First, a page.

Labour won’t commit to Defence Force upgrade

New Zealand has a relatively modest defence force (officially called a “credible minimum force”, used mostly for peace keeping, humanitarian assistance and patrolling our fisheries.

A $20 billion upgrade, planned to span 15 years, has already begun.

Andrew Little has said that a Labour led government wouldn’t commit to this upgrade, citing other things as priorities.

RNZ: Defence Force upgrade in question under Labour govt

Labour leader Andrew Little has refused to commit to following through on the 15-year modernisation plan if he became prime minister, saying spending on housing and education would always take priority.

Last year the government unveiled the multi-billion dollar plan to equip the Defence Force with new aircraft, combat vessels and weaponry, as well as a major upgrade to its land and property.

It would cost $20bn over the next 15 years, and the procurement process for the some of the new equipment is already under way.

Mr Little said the government had not specified where all the money would be spent.

“That’s an area we’d have to look at and see what the commitment is about that $20bn.

“But I have to tell you when it comes down to a choice between doing stuff that’s going to give people a chance to either get a roof over their head, get the kids set up for opportunities for the future, then that’s got to come first,” Mr Little said.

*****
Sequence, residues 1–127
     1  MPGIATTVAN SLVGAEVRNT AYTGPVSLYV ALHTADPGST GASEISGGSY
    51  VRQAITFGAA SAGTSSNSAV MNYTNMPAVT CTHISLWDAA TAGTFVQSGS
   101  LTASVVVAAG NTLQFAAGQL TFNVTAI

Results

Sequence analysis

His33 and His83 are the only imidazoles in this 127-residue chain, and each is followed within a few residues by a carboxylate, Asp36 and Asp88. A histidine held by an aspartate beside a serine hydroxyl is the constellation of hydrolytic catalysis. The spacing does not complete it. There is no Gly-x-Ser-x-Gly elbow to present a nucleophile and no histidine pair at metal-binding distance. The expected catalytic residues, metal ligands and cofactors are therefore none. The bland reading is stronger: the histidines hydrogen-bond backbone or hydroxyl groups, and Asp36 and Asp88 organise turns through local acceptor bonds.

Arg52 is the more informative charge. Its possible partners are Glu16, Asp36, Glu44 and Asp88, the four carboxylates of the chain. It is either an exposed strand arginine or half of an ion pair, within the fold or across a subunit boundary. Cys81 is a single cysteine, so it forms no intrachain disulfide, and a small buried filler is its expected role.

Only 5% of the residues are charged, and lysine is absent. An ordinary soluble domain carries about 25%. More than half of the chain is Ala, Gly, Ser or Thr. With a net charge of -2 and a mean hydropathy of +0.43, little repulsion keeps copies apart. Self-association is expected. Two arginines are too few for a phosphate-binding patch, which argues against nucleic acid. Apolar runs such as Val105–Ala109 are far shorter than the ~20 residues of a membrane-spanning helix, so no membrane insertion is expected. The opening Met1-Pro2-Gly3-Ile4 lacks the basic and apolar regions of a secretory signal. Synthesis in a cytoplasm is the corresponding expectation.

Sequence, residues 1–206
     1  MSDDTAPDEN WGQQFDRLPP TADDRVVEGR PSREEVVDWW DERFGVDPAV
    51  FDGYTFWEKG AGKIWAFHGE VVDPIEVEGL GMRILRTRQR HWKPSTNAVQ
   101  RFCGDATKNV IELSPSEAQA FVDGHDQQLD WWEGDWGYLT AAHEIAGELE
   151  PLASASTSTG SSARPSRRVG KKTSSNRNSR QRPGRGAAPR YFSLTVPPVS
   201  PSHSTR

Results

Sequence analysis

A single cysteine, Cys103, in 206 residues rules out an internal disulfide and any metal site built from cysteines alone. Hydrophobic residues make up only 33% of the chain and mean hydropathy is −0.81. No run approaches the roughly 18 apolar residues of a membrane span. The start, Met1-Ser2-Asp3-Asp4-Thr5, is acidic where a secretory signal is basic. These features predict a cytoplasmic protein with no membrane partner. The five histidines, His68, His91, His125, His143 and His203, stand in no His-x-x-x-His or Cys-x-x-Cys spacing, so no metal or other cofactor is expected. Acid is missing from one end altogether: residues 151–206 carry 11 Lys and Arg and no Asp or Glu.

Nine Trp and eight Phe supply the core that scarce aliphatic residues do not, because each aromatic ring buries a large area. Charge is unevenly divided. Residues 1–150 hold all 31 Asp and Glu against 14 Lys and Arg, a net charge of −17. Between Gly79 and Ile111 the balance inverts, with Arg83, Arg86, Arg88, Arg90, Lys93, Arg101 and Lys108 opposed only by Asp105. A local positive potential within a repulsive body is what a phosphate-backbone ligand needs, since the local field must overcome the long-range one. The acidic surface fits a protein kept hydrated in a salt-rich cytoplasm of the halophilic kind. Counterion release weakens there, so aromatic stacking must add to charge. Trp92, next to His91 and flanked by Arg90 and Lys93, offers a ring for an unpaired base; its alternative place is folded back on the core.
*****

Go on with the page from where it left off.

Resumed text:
So Labour may fund it’s policies not just from improving surpluses but also potentially by scrapping current spending commitments.

Our defence budget is about 1% of our GDP (the budget was about $3 billion in 2012). We have a substantial reliance on cooperation with other countries, particularly Australia which spends at about 1.9% of GDP.

Largest military spenders (SIPRI Fact Sheet):


More from RNZ:

Defence Minister Gerry Brownlee said the plan was a modest way of making sure the defence force remained fit for purpose, and was able to respond to international threats and disasters back home.

“We don’t live in a benign environment,” Mr Brownlee said.

“This government has moved to put our defence forces in the best position they’ve been in for decades. What Mr Little is doing here I think is not expressing his own views but simply continuing a dialogue that lets him hold hands with the Green Party.”

Scrapping the modernisation plan would be a huge step backwards, Mr Brownlee said.

“It will be very disappointing if that were the price for a Labour-Green government. It would mean that we don’t have the same capacity to work with countries that are like-minded.”

Mr Little was unapologetic for what his priorities would be.